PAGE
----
Codemash: Credit Crunch Code

Paying Back the Technical Debt

Presented by Gary Short.  The talk was about the shortcuts we have to make when coding and how we can start making up for them.  It’s great learning something from a guy who has a strong Scottish accent.  He is has an outstanding ability to present though.

  • Ward Cunningham was the one who coined the term “technical debt” in 1992
    • Came up with the term as he was doing work for a financial institution, so it was very similar to borrowing money.
    • With financial debt, it can be like “virtual debt” in that you’re aren’t earning as much money as you could on the money that incurred the debt.
  • By incurring the technical debt, you can cause the product to be shipped late (causing a bad brand name), a loss of market share, or loss of excitement to work on the product.
  • Just as financial debt isn’t all bad, technical debt isn’t all bad.
    • If you need to hit a milestone by a certain time to get the company buy in, it’s fine as long as you pay it back
  • The only safe amount of technical debt in a codebase is 0.  But that’s like saying a codebase has 0 bugs.
    • Really just need to get it to a point where you don’t notice the issue, even if it’s really there.
  • You don’t want to have a logarithmic graph describing the technical debt.  You want a saw tooth graph describing it.  So every couple months take some time to pay it down.
  • It’s difficult to calculate the technical debt.  He has a nice, complicated formula that factors in things like employee costs, hardware costs, software licenses and software brand costs.
  • Waterfall methodology is an anti-pattern
    • Because you’re making all decisions up front, the costs go up as the project goes further.  Since you can’t change, it’s an insane amount of cost.
    • Because the subject matter expert has to go through a learning curve (no matter what they know), there’s going to be things that aren’t known up front.
  • Agile isn’t necessarily the fix to the Waterfall anti-pattern
    • Try to incorporate elements of Agile into Waterfall so that the cost isn’t so high
  • Not-Invented Here anti-pattern
    • Development teams spend time developing software which is not core to the problem they are trying solve.
    • Bunch of reasons why not to use a 3rd party product.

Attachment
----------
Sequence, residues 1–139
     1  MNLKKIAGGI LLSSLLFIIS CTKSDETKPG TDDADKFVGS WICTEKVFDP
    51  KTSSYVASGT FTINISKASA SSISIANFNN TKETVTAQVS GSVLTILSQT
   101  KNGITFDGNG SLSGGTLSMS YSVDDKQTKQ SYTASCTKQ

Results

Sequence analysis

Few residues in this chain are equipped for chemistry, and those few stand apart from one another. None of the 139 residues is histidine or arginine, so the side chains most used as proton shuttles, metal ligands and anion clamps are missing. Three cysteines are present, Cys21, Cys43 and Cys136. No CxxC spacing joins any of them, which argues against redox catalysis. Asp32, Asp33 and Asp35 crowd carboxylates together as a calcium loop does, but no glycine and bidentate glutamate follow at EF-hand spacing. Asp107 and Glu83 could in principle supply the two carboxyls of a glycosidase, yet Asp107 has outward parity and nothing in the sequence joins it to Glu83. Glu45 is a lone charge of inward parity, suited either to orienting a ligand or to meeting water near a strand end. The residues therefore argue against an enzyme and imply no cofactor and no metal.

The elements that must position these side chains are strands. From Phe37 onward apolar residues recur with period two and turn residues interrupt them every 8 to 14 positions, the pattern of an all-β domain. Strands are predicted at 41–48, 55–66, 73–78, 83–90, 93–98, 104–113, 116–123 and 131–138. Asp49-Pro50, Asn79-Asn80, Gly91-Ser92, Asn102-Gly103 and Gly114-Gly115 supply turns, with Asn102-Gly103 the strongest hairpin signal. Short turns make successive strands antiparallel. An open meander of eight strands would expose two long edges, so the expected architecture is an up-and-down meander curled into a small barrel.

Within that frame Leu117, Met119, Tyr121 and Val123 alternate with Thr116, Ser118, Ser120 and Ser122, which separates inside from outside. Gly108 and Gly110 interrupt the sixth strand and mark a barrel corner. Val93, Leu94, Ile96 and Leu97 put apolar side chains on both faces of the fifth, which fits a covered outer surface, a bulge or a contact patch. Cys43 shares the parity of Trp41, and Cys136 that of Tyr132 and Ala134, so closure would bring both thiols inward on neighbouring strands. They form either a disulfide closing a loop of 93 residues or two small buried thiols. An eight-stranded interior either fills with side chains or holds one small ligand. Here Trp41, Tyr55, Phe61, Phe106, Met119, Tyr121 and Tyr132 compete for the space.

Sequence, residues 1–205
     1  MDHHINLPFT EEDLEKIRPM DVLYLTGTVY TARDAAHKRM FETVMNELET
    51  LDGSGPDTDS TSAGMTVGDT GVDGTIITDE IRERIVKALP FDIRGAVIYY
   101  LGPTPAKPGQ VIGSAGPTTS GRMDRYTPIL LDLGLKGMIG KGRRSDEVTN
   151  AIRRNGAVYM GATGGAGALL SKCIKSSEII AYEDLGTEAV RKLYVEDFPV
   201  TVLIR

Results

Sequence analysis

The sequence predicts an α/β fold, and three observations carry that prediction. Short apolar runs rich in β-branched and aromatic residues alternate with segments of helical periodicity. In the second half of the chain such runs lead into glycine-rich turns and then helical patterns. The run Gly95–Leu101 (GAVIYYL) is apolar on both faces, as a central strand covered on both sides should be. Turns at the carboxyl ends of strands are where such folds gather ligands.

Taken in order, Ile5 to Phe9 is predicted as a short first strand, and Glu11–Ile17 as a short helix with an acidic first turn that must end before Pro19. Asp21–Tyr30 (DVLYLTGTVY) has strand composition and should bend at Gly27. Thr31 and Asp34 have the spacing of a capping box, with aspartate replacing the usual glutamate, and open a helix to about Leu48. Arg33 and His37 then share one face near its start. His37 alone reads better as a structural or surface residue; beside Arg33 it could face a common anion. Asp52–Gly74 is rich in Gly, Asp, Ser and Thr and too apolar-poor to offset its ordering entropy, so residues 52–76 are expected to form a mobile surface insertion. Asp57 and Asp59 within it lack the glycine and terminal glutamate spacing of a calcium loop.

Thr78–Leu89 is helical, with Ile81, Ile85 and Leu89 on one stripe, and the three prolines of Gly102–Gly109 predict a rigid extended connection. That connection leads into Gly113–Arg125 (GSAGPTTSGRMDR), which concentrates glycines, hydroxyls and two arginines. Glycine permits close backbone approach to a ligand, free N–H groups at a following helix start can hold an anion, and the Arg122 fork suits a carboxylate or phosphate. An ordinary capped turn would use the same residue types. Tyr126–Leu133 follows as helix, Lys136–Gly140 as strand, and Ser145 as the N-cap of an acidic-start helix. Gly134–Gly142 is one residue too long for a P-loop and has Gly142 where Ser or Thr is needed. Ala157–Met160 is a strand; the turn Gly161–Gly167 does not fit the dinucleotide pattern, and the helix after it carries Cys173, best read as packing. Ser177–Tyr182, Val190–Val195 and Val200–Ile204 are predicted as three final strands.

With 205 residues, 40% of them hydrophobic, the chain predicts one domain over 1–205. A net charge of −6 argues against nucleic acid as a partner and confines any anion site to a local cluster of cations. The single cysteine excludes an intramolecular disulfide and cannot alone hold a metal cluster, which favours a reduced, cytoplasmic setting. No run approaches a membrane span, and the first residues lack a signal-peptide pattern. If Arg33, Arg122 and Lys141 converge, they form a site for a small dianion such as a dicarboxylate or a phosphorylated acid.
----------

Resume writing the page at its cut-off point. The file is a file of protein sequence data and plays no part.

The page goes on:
• By having a developer working on a component that they find is harder than initially thought and buy the 3rd party product, they’ve incurred major technical debt.
    • Buy the components if it truly will save time.
    • Use open source if you can.
    • If these don’t work, then work your own
  • Objects that are in code together stay together anti-pattern
    • The classic car example.  Car’s have no behaviors because it’s an inanimate object.  Actors perform behaviors on the object.
    • It’s technical debt because it’s a simpler object graph.  We repay it later because of the cost of adding functionality.
    • Because adding functionality becomes so hard, it damages the brand.
    • It’s not horrible because it allows you to quickly get to market.  Just realize the cost it will incur.  Decide if the debt is worth it.
  • Sensitive Tests anti-pattern
    • tests that are sensitive to context/interface/database
    • make sure tests are as isolated at possible.
  • How to spot technical debt
    • technical debt is pretty much invisible.
    • Take the astronomer approach to finding technical debt in the way that they find planets that can support human life.
    • Using things like the burndown graph to find when issues are coming up.
      • The average productivity should stay pretty consistent
      • If it’s going down, then technical debt is accumulating because it’s harder to add features
      • the number of tests per feature should be pretty similar.
      • if it’s increasing per feature, it’s showing how difficult adding the new features are becoming.
      • if the average team morale is decreasing, it is a good sign things are becoming worse and becoming harder.  Measure this by having the team members rate their happiness on a 1-5 scale anonymously.
  • Technical debt is a silent killer
  • http://c2.com/cgi/wiki?WardExplainsDebtMetaphor
  • http://www.martinfowler.com/bliki/TechnicalDebt.html

On a side note.  Andy Hunt’s keynote over lunch was outstanding.  He talked about the mother of all bugs: the human mind.  It essentially covered all the psychological defects that exist in the human mind.

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